God's Eye View!: Book 1

The writer of the book of Ruth in the Holy Bible is basically giving an overview of her life. It is summed up similar to mine (Ruth J. Mason). The Old Testament book of Ruth reveals in its short book how God is to bring together Boaz and Ruth out of a famine in the land of Judah, much like this coronavirus pandemic we are experiencing here in 2020. And although God gave me this writing prior to the pandemic, it was while I was in this pandemic that I begin to write. And lo and behold, before I knew it, I was determined to put it into a book. Now back to Ruth in the Holy Bible, the famine forced a man named Elimelech, his wife, Naomi, and their two sons into the land of Moab for survival. Elimelech dies not long after entering Moab, leaving Naomi a widow with two sons. Eventually, the two sons marry two Moabite women named Ruth and Orpah. Ten years later, both sons die in Moab. Naomi has been stripped of all earthly possessions. I, too, in life have felt this same way. On the way to Judah, Orpah decides to turn back to Moab. The rest of the book tells the story of Naomi, her daughter-in-law Ruth, and Boaz, who is a near kinsman to Elimelech. Ruth meets Boaz and, through a series of providential events and God’s fulfillment of scripture, becomes his wife. God’s providence “control exercised by a deity, divine direction.” Ruth in the Holy Bible is defined as a “worthy woman” (Ruth 3:11). Ruth was kind (Ruth 1:8), caring (Ruth 1:14–18, 2:11), had a diligent work ethic (Ruth 2:7, 14, 17), and humble (Ruth 2:10, 13). Ruth had great love, respect, and honor for her mother-in-law (Ruth 3:5ff, 4:15). Ruth was also a woman of faith (Ruth 2:12, 4:14). She was grateful for all that was given to her in this life (Ruth 2:13). Ruth’s character was such that people took notice and thereby referred to her as a “worthy woman” (Ruth 3:11). I, too, consider myself a worthy woman, raised in the church with old-fashioned beliefs that a woman takes care of the house and family. However, in addition to that, I worked outside the home to provide a decent living for my family and did so until I retired.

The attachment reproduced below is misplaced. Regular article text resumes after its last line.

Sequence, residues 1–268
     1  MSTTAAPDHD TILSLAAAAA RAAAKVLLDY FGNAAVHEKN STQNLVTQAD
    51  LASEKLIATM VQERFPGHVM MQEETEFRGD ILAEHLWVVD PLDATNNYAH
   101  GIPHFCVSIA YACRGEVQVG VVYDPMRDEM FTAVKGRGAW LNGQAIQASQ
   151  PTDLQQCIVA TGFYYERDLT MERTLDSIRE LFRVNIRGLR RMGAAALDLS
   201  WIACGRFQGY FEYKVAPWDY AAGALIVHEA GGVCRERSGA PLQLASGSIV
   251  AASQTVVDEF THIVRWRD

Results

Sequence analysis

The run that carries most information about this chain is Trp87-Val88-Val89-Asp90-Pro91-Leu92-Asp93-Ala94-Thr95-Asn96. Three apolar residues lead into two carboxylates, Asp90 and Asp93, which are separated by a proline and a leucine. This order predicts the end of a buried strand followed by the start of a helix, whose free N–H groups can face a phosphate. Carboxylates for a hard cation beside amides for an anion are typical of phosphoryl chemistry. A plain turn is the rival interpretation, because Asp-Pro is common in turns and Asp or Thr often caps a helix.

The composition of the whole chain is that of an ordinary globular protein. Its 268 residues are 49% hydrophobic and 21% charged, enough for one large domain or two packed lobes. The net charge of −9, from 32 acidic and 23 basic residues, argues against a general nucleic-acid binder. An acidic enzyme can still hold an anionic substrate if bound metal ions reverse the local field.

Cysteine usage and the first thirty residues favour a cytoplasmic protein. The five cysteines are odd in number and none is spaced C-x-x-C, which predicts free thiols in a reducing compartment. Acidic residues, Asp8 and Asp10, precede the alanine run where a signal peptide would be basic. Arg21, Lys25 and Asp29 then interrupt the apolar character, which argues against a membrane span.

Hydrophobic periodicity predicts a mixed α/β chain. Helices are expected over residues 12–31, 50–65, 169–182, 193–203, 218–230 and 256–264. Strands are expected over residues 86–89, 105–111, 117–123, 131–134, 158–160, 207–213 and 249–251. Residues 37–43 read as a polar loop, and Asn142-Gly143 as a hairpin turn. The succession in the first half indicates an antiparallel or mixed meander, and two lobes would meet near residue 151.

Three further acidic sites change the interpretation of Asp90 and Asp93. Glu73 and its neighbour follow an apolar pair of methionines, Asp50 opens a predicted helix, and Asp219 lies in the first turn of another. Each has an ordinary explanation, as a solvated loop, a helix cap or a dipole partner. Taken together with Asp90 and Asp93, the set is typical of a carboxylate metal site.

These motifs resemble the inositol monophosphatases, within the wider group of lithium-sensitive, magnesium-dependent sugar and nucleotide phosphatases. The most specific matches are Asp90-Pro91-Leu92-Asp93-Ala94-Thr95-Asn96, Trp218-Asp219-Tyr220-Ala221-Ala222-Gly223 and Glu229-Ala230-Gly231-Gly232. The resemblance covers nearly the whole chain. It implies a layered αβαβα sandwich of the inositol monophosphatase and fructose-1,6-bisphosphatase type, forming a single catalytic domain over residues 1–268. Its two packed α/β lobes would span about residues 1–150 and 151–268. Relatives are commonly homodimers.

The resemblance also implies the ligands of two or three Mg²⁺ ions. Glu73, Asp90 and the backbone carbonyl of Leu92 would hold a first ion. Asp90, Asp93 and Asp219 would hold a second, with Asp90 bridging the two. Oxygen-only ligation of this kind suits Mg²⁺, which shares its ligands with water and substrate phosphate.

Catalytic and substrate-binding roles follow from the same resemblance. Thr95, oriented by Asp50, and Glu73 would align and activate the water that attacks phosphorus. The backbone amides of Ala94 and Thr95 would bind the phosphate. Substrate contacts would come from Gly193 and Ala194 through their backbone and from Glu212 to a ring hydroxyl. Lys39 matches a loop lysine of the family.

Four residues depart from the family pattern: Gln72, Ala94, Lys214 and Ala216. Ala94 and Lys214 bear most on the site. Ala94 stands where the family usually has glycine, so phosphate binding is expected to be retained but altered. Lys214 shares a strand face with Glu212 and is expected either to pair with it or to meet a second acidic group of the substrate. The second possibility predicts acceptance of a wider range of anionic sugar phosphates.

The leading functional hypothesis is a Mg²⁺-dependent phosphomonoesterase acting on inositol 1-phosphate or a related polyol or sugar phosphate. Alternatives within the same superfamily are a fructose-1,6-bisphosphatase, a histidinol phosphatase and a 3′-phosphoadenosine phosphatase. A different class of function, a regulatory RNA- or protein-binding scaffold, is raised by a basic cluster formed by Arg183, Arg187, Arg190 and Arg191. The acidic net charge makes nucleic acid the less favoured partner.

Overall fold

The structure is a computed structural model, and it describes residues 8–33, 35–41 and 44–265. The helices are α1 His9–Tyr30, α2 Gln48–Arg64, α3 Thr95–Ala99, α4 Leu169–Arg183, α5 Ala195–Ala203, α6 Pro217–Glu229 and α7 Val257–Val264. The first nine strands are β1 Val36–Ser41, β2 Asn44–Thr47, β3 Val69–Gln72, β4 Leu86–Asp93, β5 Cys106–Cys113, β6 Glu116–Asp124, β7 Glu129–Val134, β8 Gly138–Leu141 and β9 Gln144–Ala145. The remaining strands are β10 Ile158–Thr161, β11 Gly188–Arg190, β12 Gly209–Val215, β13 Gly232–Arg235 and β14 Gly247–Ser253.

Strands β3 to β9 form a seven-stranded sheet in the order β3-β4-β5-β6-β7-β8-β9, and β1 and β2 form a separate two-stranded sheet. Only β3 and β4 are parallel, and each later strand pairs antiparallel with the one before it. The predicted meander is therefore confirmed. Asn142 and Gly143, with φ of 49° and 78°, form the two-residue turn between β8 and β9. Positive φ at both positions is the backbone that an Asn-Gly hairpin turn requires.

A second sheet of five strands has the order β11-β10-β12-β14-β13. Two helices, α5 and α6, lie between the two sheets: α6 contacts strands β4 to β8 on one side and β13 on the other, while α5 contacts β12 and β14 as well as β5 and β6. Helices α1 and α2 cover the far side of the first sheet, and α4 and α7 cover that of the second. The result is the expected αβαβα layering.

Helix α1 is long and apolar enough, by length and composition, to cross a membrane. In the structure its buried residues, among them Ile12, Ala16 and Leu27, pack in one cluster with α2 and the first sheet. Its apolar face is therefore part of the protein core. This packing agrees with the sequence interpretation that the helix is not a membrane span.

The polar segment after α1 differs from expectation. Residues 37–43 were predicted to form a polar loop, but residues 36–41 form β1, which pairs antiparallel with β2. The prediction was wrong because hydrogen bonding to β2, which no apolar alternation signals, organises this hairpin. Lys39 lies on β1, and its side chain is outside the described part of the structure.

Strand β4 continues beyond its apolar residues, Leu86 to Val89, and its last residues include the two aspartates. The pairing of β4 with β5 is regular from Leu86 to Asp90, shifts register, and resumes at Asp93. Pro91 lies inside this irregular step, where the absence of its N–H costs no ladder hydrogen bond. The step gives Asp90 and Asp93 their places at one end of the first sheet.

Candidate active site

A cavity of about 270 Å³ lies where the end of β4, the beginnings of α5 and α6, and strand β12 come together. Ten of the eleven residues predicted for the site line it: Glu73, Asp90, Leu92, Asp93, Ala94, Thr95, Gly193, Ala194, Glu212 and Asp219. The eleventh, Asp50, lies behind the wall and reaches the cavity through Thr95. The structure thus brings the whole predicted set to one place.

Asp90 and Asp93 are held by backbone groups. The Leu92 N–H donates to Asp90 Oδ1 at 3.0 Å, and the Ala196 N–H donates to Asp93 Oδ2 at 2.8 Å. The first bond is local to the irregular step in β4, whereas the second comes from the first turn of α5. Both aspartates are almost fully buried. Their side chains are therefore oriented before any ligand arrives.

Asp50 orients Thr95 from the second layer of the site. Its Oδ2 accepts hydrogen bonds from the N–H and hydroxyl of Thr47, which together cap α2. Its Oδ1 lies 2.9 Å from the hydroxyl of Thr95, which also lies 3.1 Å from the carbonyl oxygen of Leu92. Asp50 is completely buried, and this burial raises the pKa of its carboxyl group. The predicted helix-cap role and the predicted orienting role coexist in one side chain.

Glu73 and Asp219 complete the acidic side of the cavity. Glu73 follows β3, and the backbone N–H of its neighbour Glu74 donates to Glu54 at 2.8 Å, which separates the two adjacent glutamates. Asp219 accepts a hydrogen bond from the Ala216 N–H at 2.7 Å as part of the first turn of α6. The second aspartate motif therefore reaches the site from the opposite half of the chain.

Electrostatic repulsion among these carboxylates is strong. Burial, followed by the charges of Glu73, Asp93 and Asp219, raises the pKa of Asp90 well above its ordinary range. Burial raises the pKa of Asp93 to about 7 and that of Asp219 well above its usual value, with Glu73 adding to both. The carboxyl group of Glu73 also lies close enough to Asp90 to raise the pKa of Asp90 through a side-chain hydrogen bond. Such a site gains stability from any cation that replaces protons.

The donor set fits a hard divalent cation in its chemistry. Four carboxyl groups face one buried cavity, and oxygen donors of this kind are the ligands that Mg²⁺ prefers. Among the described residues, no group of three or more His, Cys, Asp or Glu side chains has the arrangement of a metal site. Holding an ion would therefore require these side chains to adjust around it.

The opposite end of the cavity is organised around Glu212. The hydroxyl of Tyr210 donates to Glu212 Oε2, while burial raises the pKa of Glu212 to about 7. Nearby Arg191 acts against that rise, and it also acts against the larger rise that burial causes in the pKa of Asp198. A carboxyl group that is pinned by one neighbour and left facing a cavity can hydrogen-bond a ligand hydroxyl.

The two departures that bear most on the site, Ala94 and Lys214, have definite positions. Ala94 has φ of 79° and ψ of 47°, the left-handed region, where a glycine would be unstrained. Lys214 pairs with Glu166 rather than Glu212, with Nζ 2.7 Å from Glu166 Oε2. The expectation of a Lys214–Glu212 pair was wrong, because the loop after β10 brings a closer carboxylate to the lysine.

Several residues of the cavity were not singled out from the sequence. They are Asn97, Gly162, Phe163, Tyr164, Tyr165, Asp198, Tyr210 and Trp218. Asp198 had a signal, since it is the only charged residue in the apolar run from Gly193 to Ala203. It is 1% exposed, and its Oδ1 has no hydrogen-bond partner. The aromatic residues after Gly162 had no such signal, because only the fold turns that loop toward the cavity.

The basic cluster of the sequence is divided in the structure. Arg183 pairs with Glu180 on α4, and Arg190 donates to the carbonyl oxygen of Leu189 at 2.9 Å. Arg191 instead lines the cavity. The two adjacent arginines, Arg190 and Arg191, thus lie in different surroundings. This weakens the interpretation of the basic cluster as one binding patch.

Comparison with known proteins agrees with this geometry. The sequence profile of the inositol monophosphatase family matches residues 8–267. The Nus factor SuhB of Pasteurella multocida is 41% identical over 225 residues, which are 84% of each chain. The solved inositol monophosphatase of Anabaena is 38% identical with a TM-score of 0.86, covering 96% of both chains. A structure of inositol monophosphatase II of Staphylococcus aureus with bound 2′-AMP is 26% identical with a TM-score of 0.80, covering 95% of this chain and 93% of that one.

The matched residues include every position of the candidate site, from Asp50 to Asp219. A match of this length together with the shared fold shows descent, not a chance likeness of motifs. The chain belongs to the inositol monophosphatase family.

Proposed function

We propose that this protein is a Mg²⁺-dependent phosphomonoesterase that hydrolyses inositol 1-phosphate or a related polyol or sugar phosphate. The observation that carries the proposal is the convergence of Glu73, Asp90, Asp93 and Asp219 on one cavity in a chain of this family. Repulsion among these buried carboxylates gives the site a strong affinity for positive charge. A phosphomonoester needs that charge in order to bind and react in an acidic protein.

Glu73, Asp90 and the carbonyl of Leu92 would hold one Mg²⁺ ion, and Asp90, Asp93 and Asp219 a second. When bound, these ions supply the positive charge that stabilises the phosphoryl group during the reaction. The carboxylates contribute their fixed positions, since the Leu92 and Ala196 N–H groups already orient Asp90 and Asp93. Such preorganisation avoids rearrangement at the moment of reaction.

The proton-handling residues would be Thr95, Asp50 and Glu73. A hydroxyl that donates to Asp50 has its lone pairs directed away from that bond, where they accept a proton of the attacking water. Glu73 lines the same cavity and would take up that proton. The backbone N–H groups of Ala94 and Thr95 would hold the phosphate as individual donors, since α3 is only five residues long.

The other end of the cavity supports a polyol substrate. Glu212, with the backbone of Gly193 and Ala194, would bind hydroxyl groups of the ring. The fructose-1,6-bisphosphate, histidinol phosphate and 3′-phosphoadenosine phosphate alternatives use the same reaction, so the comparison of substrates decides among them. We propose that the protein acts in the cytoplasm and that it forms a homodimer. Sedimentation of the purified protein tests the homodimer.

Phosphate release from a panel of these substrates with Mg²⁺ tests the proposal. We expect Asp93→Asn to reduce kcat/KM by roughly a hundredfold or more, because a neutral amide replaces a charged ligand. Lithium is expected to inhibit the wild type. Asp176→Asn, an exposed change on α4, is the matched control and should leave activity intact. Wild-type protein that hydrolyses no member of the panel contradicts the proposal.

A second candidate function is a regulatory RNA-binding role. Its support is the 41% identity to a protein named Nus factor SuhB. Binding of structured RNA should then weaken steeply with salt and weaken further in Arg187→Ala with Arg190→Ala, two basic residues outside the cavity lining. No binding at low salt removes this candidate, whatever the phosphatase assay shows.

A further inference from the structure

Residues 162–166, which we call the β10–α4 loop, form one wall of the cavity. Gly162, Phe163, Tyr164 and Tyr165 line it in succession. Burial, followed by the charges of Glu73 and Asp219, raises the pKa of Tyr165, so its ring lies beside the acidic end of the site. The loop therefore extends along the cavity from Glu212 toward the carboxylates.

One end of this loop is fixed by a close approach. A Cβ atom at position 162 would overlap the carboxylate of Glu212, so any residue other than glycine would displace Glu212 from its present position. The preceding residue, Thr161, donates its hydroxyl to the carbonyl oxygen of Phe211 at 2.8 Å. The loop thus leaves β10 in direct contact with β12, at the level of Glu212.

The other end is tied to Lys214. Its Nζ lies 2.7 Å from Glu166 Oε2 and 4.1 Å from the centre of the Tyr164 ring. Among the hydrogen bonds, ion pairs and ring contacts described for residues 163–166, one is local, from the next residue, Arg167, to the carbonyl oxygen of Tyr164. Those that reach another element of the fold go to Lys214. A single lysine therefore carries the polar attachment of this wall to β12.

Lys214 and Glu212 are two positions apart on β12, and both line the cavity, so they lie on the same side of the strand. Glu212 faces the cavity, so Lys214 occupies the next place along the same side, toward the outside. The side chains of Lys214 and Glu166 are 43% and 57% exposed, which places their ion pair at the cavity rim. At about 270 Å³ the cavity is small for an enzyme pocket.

--Ruth Mason